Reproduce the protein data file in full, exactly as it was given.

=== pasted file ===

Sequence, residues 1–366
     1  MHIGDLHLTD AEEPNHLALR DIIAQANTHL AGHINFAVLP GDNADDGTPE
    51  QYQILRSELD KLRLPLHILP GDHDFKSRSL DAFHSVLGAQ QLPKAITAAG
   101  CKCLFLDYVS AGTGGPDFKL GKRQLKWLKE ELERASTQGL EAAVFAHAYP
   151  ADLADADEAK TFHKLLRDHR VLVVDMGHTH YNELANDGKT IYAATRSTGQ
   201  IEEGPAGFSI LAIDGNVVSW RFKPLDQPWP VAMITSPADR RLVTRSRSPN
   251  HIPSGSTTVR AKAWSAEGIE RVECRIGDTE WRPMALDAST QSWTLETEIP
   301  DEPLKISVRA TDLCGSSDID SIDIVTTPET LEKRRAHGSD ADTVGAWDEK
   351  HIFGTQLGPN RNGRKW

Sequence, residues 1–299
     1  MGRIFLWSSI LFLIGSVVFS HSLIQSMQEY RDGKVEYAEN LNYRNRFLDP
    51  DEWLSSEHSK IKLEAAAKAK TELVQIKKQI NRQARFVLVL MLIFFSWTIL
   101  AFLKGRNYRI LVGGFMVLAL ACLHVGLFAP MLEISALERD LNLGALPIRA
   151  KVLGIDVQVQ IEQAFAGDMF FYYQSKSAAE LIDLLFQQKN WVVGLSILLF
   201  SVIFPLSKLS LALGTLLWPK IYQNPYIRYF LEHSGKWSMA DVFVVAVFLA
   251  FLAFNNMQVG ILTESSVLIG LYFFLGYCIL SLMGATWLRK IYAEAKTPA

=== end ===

Sequence, residues 1–366
     1  MHIGDLHLTD AEEPNHLALR DIIAQANTHL AGHINFAVLP GDNADDGTPE
    51  QYQILRSELD KLRLPLHILP GDHDFKSRSL DAFHSVLGAQ QLPKAITAAG
   101  CKCLFLDYVS AGTGGPDFKL GKRQLKWLKE ELERASTQGL EAAVFAHAYP
   151  ADLADADEAK TFHKLLRDHR VLVVDMGHTH YNELANDGKT IYAATRSTGQ
   201  IEEGPAGFSI LAIDGNVVSW RFKPLDQPWP VAMITSPADR RLVTRSRSPN
   251  HIPSGSTTVR AKAWSAEGIE RVECRIGDTE WRPMALDAST QSWTLETEIP
   301  DEPLKISVRA TDLCGSSDID SIDIVTTPET LEKRRAHGSD ADTVGAWDEK
   351  HIFGTQLGPN RNGRKW

Sequence, residues 1–299
     1  MGRIFLWSSI LFLIGSVVFS HSLIQSMQEY RDGKVEYAEN LNYRNRFLDP
    51  DEWLSSEHSK IKLEAAAKAK TELVQIKKQI NRQARFVLVL MLIFFSWTIL
   101  AFLKGRNYRI LVGGFMVLAL ACLHVGLFAP MLEISALERD LNLGALPIRA
   151  KVLGIDVQVQ IEQAFAGDMF FYYQSKSAAE LIDLLFQQKN WVVGLSILLF
   201  SVIFPLSKLS LALGTLLWPK IYQNPYIRYF LEHSGKWSMA DVFVVAVFLA
   251  FLAFNNMQVG ILTESSVLIG LYFFLGYCIL SLMGATWLRK IYAEAKTPA